Make sure the water pressure is turned off before removing the plug and draining the freshwater tank. When finished, close all of the faucets and make sure to plug up any low point drains that may exist in your restroom trailer's plumbing system. Doing this will help to insure that your tanks empty completely, which is necessary for proper restroom trailer maintenance.

5. Locate the Water Pump

To properly winterize your portable restroom trailer,  you will need a siphoning kit or alternatively if your restroom trailer is equipped with one- find the siphoning hose and place it inside of your gallon jug of antifreeze.  Next, open the valve and turn on the water pump in order to allow the antifreeze to start flowing through all of your restroom trailer's water system taps and hoses.

6. Open External Faucets and Valves on the Outside of the Restroom Trailer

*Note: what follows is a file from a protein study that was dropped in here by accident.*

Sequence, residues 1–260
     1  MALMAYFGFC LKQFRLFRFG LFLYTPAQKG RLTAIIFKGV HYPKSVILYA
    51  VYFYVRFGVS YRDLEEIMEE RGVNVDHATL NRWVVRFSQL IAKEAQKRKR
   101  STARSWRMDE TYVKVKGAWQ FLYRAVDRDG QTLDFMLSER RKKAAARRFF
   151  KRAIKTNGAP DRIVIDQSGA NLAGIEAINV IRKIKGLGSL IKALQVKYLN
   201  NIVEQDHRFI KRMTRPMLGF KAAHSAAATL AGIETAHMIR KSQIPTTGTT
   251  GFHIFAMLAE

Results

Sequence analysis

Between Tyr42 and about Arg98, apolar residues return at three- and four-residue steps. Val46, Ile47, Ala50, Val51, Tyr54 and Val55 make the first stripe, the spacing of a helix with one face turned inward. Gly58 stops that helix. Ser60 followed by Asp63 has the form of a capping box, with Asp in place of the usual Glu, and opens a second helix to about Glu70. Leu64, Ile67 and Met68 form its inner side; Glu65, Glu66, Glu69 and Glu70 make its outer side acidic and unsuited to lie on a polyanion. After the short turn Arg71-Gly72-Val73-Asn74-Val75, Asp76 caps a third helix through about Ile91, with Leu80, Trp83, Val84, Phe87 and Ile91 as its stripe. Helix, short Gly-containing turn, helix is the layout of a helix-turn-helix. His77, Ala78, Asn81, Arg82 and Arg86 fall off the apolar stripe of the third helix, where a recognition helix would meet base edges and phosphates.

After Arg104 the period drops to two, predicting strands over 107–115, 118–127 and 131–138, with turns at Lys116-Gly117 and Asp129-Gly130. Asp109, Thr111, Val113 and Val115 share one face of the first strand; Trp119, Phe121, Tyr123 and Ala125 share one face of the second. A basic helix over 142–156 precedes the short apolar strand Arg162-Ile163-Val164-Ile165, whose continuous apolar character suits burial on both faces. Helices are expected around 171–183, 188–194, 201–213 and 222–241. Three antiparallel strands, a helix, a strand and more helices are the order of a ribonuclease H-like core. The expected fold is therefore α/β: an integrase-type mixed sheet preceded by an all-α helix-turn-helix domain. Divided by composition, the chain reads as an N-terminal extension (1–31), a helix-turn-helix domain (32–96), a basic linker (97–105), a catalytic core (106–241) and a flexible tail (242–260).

One of the most important steps you can take to winterize your restroom trailer,  is draining the water from the low points in your pipes.  Drain the water by opening the low point valves or loosening the drain plugs until it runs pink, then close them again. 

Once all of the water has drained out, turn on any outside showers or exterior faucets and let them run for a few minutes until they turn pink as well.

7. Open Internal Faucets, Showers, and Toilets

Repeat the process starting with step 6. Run the faucets in the restroom trailer and showers (if you have a shower trailer combo unit), starting with one side until it runs pink then closing it and running the other side. Do the same for all toilets until you see the antifreeze.

8. Pour Antifreeze Down P-Traps

Drain antifreeze from sinks, showers, and toilets in the bathroom trailer to prevent exterior pipes from freezing over winter.